HARARE – The African Medallion Group (AMG)’s special coins to commemorate the African Union (AU)’s 54th anniversary have risen by 1 400 percent in value — barely two weeks after they were launched.
This also comes as the Frank Buyanga-led outfit has launched at least two batches of these unique medallions — as represented by the first 10 in early April and another 100 last month — and the South African-based company has inked a deal with Visa International to facilitate easy payment for the product, and others by foreign buyers.
In terms of bids placed with AMG since late May, the company has seen or witnessed the nominal value of its tokens rise from $5 each to about $70 as at June 3.
“We are pretty humbled, if not astounded, by this performance, especially with regards to the Africa Day medallions. As stated in our founding documents, our mission is to provide investors with something that will not only deliver earnings, but do that in the shortest possible time,” Sherry Leeya, an executive with the company, said.
“As it is, it seems that we are on course to fulfilling that mandate and objective of giving people access to a highly valuable investment instrument as well as tried, and tested metal or commodity,” she said.
And the development also comes as debate over the use of these souvenir coins as a future currency grows in Zimbabwe.
In his preamble to the AU medallion launch, Buyanga said they “believe demand would rise… and any further purchases will be done in consultation with the (original) 100-piece holders through a closed loop trading system”.
“This gives all initial subscribers potential to secure greater returns in future. The guaranteed buy back amount is fixed at $5 (per) each medallion. However, future value will be determined in trade amount,” the Hamilton Property Holdings boss and project promoter said.
Having released an initial 10 medallions in South Africa and which were quickly bought by Durban businessman Sandile Shezi, AMG believes its yellow metal-backed products would be key for beneficiation and wealth preservation for continental investors.
The rare tokens not only come with a certification seal and Buyanga’s signature, but currently reflect a buying price of $70 within 10 days of launch.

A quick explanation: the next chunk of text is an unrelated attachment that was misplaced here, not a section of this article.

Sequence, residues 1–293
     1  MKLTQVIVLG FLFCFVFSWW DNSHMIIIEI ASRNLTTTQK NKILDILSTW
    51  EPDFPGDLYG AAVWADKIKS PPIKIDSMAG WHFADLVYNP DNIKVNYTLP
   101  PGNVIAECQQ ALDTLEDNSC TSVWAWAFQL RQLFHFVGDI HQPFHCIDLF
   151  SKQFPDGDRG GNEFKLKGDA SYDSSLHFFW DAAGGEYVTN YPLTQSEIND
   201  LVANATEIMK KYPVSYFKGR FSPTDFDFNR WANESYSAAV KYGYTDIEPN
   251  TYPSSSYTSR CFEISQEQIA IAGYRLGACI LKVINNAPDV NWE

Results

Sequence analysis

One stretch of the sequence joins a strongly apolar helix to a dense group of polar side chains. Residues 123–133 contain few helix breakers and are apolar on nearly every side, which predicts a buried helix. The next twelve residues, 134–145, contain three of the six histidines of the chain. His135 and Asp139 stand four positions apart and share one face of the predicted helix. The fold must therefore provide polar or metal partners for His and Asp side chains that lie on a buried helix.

A gold investor himself, the flamboyant businessman and his company say their initiative was meant to avail to people — from all walks of life — an opportunity to invest in this profitable precious mineral.
In line with his vision of an Africa benefitting more from its natural resources, Buyanga has recently called on the continental leadership to rethink the strategies of raw material exports — other than finished goods — and its impact on jobs.
Along with many other pro-African development proponents, the Pan African Business Forum executive said it was puzzling that “despite its riches, Africa remained poor” and this paradox particularly manifested itself in the agricultural sector — where 60 percent of the world’s arable land was on the continent, yet it imported nearly 90 percent of processed foods.
The problem, Buyanga said, emanated from lopsided trade agreements with the West or foreign companies as well as illicit financial flows.
Thus, the beneficiation of gold, full realisation or use of resources such as land, energy and even ocean economies would also spur the continent’s massive industrialisation.
And as Africa embarks on this new journey, it must ensure that women and youths are at the centre of these initiatives.
Recently, Buyanga also said it was regretful that many were still clamouring for government and donor support when a shift in national focus could help eliminate this dependency syndrome, and high poverty levels.